World Rhino Day 2020 – CCFA translocating rhinos for the sustainability of wildlife conservation



World Rhino Day is celebrated on September 22 every year! This special day provides the opportunity for cause-related organisations, NGOs, zoos and members of the public to celebrate rhinos in their own unique ways.  CCFA would like to use this day to showcase one of our project of which we are extraordinarily proud: The relocation of 5 Eastern black rhinos from the Czech Republic to Rwanda. 

A year ago…

In 2019, five Eastern Black rhinos flew 6 000kms from a safari park in Czech Republic to Akagera National Park in Rwanda, in what was the largest ever transportation of rhinos from Europe to Africa. We are proud that we were part of the team by assisting with funding of the logistics for this successful relocation project.

Why the move?

Transporting rhino on such a long journey is not without its challenges. But, with fewer than 5000 Wild black rhinos and 1 000 Eastern black rhinos currently roaming game parks in Africa and poaching an ongoing problem, it is essential to relocate and rehabilitate rhino from other parts of the world. Not only to supplement the numbers but to develop a new, genetically diverse, rhino population. CCFA endeavours to support projects such as these which contribute to sustainable wildlife conservation.

The project began with the vision of the European Association of Zoos and Aquaria (EAZA)  – to help supplement the rhino populations in secure parks in Africa. The three female and two male rhinos ranging in age from two to nine years old are genetically robust and successful breeders – all under the watchful eye of EAZA’s ex situ programme.

The group

The rhino relocated are a cosmopolitan bunch.  Jasiri, Jasmina and Manny were born in Safari Park Dvûr KráIové (Czech Republic); Olmoti comes from Flamingo Land (United Kingdom) and Mandela is from Ree Park Safari (Denmark).

TLC all the way

Moving rhino is a long process and the famous five took part in sensitization exercises for months prior to their trip to minimize the stress of the journey. They were also accompanied by experienced zookeepers from Safari Park Dvûr KráIové as well as veterinarian Dr. Pete Morkel, a world expert in rhino translocations. The team looked after them during the trip and stayed until they were fully introduced to their final destination in Rwanda.

‘If we don’t have conviction, Rhinos face extinction.’

The first anniversary

A year later – the first anniversary of the big move for the famous five.  It was a long journey, the convoy left the Czech Republic on the 23rd June, 2019. Traveling overnight by air, the rhinos arrived in Rwanda early the following morning to be transported by road to Akagera National Park. After the long journey the rhinos settled in well and started the transition to living in Africa.

Shortly after their arrival they were fitted with transmitters to allow close monitoring of their movements as they adapted to their new environment. They were slowly weaned onto a diet of natural vegetation and gradually allowed to roam in increasingly large enclosures. By the end of the year they had been released into a 2 500 hectare area and continue to be monitored daily by a specialized team of rangers.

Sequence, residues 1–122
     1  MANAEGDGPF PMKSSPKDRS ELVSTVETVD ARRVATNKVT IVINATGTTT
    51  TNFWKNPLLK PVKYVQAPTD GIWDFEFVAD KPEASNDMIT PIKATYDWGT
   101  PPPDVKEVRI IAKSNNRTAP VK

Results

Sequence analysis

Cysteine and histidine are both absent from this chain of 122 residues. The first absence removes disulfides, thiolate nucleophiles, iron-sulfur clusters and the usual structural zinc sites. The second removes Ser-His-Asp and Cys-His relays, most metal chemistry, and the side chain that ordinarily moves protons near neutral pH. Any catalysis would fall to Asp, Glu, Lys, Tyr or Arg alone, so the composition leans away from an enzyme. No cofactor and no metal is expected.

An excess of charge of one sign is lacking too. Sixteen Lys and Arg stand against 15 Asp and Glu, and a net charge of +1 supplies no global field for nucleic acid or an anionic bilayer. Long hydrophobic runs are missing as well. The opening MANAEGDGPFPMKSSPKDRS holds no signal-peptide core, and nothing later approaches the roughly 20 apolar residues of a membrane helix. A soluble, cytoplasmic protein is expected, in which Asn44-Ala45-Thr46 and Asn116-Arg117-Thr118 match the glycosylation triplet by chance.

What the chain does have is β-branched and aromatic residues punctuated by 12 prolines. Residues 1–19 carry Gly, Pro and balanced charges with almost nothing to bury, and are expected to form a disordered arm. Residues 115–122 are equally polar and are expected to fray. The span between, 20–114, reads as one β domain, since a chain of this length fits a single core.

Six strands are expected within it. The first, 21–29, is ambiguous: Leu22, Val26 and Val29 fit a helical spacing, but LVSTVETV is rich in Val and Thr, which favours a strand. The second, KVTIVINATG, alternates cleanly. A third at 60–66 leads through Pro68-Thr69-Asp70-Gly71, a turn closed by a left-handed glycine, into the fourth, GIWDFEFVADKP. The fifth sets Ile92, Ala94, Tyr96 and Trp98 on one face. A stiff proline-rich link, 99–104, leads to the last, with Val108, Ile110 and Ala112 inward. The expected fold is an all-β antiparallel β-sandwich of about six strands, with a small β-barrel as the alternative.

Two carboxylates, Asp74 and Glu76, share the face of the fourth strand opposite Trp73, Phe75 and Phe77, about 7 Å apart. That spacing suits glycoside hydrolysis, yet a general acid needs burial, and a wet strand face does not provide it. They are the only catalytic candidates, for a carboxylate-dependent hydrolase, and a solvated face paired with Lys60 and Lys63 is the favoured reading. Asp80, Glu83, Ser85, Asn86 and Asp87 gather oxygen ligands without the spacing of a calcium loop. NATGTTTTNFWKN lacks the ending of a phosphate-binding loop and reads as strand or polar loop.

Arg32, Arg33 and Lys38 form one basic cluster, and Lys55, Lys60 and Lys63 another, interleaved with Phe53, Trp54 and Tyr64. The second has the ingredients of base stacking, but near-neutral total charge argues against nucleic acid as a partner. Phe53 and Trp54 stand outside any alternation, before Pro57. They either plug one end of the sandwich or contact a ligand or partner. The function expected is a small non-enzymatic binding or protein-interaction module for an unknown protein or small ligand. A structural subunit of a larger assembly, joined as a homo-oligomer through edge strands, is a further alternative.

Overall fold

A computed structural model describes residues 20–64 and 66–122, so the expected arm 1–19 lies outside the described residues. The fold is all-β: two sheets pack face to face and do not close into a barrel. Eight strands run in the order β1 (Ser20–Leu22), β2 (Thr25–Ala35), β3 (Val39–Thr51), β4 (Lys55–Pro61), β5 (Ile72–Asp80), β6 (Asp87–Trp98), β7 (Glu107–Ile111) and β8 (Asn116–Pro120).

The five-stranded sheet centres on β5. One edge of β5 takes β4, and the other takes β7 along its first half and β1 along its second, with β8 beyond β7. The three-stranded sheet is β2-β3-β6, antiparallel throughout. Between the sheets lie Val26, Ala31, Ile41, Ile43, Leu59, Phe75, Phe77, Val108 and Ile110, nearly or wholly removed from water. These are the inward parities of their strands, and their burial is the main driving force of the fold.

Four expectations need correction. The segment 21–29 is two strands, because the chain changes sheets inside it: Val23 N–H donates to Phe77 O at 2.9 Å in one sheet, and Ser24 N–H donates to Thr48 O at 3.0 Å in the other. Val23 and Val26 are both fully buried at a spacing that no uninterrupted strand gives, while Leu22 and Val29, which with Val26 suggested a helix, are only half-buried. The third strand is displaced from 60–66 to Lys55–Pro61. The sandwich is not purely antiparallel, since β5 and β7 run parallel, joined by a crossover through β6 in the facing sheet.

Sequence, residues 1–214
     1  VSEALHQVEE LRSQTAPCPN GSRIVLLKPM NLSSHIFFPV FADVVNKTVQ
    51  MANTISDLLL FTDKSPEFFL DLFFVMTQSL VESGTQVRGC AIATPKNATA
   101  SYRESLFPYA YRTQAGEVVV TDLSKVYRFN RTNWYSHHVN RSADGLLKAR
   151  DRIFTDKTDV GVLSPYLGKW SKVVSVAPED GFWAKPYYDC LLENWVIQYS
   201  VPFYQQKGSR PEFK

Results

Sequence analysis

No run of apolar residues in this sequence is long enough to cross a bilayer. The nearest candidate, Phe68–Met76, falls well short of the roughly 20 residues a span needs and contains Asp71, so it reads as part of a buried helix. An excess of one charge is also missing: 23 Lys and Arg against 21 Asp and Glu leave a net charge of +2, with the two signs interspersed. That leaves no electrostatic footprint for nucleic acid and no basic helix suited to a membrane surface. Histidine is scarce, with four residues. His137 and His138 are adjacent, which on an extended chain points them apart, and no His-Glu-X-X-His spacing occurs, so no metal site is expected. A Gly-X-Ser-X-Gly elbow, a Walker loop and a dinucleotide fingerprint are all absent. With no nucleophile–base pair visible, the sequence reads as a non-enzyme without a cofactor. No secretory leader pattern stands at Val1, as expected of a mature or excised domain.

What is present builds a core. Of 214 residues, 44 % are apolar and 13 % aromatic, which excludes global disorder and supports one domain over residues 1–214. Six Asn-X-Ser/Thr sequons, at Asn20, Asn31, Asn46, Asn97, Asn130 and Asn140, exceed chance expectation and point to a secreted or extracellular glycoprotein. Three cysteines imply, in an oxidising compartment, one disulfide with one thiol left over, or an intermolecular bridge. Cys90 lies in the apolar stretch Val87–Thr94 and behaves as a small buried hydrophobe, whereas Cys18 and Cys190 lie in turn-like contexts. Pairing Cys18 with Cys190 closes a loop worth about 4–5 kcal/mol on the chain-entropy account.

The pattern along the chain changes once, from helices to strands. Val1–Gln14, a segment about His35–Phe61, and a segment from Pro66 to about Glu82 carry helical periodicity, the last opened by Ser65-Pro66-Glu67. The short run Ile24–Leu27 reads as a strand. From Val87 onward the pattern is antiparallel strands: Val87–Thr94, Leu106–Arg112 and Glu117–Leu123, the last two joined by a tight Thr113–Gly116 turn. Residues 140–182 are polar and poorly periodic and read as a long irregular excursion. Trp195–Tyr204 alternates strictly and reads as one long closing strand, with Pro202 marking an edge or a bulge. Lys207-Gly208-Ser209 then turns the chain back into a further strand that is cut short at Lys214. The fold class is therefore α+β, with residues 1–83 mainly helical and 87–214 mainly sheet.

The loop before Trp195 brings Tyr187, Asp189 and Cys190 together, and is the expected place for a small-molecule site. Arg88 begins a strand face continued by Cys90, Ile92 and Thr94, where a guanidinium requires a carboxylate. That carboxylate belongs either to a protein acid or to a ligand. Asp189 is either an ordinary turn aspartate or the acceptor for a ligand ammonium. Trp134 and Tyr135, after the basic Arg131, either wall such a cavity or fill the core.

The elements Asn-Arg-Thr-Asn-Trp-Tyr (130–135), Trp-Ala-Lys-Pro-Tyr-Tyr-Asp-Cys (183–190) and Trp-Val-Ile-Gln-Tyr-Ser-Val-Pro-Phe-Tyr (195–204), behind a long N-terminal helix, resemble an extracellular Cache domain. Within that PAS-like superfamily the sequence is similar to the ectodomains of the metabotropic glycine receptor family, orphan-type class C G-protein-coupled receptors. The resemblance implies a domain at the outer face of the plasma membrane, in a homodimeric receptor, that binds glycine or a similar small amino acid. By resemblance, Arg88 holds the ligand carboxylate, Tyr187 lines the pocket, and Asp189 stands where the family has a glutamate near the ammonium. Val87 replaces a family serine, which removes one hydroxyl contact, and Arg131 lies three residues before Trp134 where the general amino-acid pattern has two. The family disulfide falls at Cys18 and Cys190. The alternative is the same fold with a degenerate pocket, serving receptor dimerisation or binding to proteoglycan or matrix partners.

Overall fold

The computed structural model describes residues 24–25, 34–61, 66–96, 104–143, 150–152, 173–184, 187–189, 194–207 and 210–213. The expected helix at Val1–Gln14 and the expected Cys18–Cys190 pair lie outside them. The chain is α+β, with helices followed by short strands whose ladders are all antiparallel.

Possible romance

Currently, the youngest of the group, a female named Jasiri, spends her time with the young male, Mandela.

Both are browsing naturally for themselves and are in very good condition. The other duo, females Jasmina and Olmoti, stay together feeding mostly on natural browse but they have also been supplemented with pellets and lucerne.

Sadly, the older of the males, Manny, died in February. Despite the best veterinarian advice and being provided the same care and conditions as the other rhinos, Manny did not adapt well.  The team was devastated.

Mandela and Jasiri

Olmoti and Jasmina


Mandela and Jasiri

The future

Despite the terrible loss, it’s important to remember and celebrate the success of such a big move.   Establishing a robust population of this critically endangered and highly vulnerable species is a long term project goal. It will be some time before the four are fully released into the wider park, where they will have the chance of meeting the park’s existing rhinos and contributing to the growth and genetic diversity of this important population.

The rhinos and the team that monitors them, have made important advances and the outlook is very positive. The successes of this project are very much down to the collaboration and care of all involved and their dedication to conserving Eastern black rhino. 

Why rhinos matter

Rhinos have been around for years and play a crucial role within their habitats. They are important grazers, consuming large amounts of vegetation which helps shape the African landscape.  This benefits many other species, including elephant and helps keep a healthy balance within the ecosystem.  Rhinos have also been an important source of income from ecotourism.  They are now critically endangered and protection of black rhinos has been increasingly important, they now thrive in protected sanctuaries.

We look forward to updating you in the future about how the relocated rhino group are thriving and hopefully welcoming a calf or two into the family.

If you would like to get involved or make a donation that will assist us to continue to implement community conservation, we  and the rhinos would be forever grateful.


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